By Dr Emmeline Lee, Gynaecological Radiologist, Murdoch

Reduced fertility affects at least 50 million couples worldwide each year with ‘infertility’ meaning no children conceived despite regular unprotected intercourse for at least a year and subfertility meaning any form of unwanted reduced fertility over a prolonged time.

Dr Emmeline Lee

Imaging is pivotal in couples with subfertility, both in diagnosing structural abnormalities and guiding therapeutic options.

Investigations for subfertility involve assessment of ovulation (serum progesterone, luteinizing hormone, and follicle-stimulating hormone), androgen profiling, evaluation of ovarian reserve (anti-Mullerian hormone), thyroid function, and semen analysis. Imaging can assess structural pelvic abnormalities which may contribute to fertility issues and as well as exclude tubal occlusion.

Imaging methods

3D Transvaginal Ultrasound (US) is the first-line imaging modality for investigating subfertility. Structural Mullerian duct abnormalities, intracavitory lesions (such as endometrial polyps and fibroids), endometriomas, polycystic ovaries and hydrosalpinx are common causes of reduced fertility easily diagnosed on a good quality transvaginal scan.

Hysterosalpingography (HSG), performed since 1914 to investigate tubal patency, involves giving contrast into the uterine cavity, with visualisation under fluoroscopic guidance that usually gives excellent pictures of the fallopian tubes/spillage into the peritoneum. Despite exposure to a small dose of ionising radiation, this is the investigation of choice if tubal disease is suspected.

Hysterosalpingo-Contrast-Sonography (HyCoSy) or Hysterosalpingo-Foam Sonography (HyFoSy) is increasingly popular for assessing tubal patency. Contrast/foam/saline is instilled into the uterine cavity during an internal ultrasound. The fallopian tubes are usually very well visualised, and spill can be seen in real time. This is a minimally invasive, ionizing radiation-free way of assessing the uterine cavity and tubal patency. It is best used for women where tubal disease is not suspected. HyCoSy’s strength is that it is easily combined with saline infusion sonography (usually at no extra patient cost) if there is suspicion of intracavitory abnormalities such as polyps, fibroids or adhesions, and/or if a Mullerian duct abnormality is suspected.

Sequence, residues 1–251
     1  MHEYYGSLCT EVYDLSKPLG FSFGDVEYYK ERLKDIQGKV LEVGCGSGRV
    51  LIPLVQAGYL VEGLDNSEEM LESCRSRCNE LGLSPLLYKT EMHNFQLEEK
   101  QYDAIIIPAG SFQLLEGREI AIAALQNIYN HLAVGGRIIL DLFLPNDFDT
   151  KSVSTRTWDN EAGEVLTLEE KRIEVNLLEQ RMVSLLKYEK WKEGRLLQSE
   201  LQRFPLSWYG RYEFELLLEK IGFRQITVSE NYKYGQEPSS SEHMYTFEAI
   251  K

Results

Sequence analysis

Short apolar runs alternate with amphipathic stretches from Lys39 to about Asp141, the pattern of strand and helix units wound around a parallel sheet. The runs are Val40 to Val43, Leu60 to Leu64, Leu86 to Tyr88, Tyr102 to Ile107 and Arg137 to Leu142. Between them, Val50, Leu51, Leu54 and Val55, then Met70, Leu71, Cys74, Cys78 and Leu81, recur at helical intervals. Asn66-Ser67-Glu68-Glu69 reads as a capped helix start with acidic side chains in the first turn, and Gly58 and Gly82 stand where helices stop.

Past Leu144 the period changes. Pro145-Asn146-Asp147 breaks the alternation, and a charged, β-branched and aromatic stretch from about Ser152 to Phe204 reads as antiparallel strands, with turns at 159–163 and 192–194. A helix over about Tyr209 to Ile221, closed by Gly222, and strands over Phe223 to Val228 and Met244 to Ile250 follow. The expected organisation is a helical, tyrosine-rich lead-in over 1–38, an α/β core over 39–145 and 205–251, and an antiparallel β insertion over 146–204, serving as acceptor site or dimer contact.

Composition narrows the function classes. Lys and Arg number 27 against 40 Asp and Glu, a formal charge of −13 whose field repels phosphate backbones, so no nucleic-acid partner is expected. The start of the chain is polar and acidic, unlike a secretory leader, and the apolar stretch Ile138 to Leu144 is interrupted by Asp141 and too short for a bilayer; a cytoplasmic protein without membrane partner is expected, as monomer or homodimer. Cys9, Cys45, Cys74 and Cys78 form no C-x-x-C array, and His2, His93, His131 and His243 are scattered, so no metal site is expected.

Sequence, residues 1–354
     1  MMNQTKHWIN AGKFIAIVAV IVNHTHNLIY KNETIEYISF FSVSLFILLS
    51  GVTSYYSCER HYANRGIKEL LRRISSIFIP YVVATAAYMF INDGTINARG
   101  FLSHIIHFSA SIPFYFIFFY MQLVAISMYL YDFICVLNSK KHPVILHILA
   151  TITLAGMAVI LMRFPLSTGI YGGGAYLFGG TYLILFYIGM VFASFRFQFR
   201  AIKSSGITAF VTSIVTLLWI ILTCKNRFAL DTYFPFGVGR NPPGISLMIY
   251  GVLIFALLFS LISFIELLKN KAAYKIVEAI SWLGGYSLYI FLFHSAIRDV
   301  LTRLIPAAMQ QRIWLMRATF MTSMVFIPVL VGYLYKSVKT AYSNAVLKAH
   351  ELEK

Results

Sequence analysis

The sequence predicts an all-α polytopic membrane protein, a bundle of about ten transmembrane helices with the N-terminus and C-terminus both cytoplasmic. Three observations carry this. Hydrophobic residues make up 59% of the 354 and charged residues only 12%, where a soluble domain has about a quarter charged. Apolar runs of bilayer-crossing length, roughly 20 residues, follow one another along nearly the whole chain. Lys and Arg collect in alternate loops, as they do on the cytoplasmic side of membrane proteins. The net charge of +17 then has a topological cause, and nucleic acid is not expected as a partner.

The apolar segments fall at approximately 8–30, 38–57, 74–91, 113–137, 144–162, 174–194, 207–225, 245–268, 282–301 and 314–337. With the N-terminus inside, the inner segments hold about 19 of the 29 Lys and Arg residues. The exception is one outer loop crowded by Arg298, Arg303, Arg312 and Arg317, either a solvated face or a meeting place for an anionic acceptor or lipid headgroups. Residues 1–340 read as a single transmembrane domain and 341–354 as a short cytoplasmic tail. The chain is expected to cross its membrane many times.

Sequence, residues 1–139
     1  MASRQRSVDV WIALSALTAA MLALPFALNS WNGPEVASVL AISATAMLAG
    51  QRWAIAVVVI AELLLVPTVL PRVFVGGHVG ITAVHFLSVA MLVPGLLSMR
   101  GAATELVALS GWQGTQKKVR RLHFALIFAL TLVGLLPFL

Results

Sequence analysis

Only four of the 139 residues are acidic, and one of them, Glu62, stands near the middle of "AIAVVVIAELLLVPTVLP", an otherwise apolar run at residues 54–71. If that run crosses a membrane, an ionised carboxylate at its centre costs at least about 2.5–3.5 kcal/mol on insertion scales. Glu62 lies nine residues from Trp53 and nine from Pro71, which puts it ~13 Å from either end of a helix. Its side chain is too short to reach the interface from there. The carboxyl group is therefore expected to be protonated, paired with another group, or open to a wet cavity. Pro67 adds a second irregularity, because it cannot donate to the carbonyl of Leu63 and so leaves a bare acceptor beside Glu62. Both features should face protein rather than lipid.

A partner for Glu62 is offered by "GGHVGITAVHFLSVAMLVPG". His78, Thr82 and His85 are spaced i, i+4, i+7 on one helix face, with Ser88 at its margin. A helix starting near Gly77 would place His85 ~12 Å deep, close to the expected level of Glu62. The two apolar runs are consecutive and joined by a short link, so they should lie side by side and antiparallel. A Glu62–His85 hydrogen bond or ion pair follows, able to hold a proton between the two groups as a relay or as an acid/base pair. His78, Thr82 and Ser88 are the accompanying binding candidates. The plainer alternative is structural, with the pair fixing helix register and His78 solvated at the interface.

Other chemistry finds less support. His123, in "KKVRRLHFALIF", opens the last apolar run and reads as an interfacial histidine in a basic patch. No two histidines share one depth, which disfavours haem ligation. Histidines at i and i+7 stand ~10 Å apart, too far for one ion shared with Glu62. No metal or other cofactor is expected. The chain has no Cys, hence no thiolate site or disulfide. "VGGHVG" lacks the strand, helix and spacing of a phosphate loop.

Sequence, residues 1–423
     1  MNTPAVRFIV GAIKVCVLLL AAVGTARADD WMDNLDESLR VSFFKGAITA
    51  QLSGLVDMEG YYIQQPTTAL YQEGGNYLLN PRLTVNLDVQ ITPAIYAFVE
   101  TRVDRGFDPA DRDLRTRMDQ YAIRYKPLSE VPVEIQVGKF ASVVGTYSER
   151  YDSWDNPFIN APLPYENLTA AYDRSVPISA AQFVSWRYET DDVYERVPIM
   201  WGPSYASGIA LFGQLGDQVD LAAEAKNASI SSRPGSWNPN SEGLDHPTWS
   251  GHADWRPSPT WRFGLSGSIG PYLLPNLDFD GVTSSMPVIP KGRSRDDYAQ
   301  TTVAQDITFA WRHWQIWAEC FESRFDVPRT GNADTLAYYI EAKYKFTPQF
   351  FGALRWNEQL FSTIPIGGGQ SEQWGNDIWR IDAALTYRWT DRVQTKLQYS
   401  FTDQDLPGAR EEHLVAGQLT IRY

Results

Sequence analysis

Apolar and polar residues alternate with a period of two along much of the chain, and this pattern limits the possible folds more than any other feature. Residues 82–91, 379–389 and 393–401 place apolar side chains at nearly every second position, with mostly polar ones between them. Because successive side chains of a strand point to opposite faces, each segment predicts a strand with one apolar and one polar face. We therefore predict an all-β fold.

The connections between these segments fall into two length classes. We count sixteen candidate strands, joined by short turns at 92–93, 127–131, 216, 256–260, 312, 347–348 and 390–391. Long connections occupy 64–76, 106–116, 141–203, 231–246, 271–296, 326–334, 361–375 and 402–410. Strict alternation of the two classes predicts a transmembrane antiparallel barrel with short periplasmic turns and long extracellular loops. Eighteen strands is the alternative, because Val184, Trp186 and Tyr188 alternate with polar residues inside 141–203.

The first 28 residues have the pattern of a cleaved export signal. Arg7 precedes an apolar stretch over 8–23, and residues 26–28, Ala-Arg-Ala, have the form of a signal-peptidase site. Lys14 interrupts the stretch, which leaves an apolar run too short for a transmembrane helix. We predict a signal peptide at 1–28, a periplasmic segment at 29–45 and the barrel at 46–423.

Saline Infusion Sonography is performed to interrogate the cavity. Saline is infused after cervical cannulation under transvaginal ultrasound visualization. With distension of the cavity, intracavitory lesions can be characterised well, and guide later surgery. Asherman syndrome is diagnosed best using this method. Mullerian duct defects can also be further characterised this way, with accurate measurements of the cavity easily obtained with concurrent 3D ultrasound.

Magnetic Resonance Imaging (MRI) is second-line, used as an adjunct to transvaginal ultrasound, usually to clarify and/or confirm Mullerian duct abnormalities, further characterise fibroids, and to aid assessment of deep infiltrating endometriosis (particularly if bowel involvement is suspected).

Imaging as treatment

The therapeutic benefits of HyCoSy/HyFoSy and HSG are well known, with increased pregnancy rates in the six months following these procedures.

Lipiodol flushing is being increasingly used as a therapeutic option, particularly in women with endometriosis without tubal involvement. Lipiodol is an oil-soluble contrast medium derived from poppy seeds, first used in 1924 as a contrast agent for HSG. A recent meta-analysis suggests that flushing of the fallopian tubes with Lipiodol has 3.6 times greater odds (OR 3.6) of pregnancy compared with no HSG or HyCoSy, and that pregnancy/live birth rates increase by 10% when Lipiodol is used over water-based contrast media, such as in HSG or HyCoSy.

If a structural cause of subfertility is found, treatment via imaging guidance may be of value. For example, select patients may benefit from Uterine Artery Embolisation or image-guided ablation via MRI-guided focused ultrasound.

In the oncologic setting, where women are diagnosed with cervical, endometrial or ovarian cancer before they have completed their families, imaging is important in stratifying those patients suitable for fertility-preserving surgery.

Author competing interests- nil relevant disclosures.

Key Messages

  • A transvaginal ultrasound with 3D reconstruction should be the first test when investigating a woman with subfertility
  • Tubal patency can be established by either HSG or HyCoSy/HyFoSy
  • Lipiodol flushing is a minimally-invasive technique that increases pregnancy/live birth rates

3D VCI plane coronal image obtained via transvaginal ultrasound demonstrates a Septate uterus, with two uterine cavities, and one cervix.

Transvaginal ultrasound with Doppler imaging obtained during Saline Infusion Sonography clearly outlines a small polyp containing distinctive vascularity.

Image obtained during a HyCoSy examination, demonstrating a normal sized fallopian tube, with contrast seen to spill from its fimbrial end, in keeping with tubal patency.

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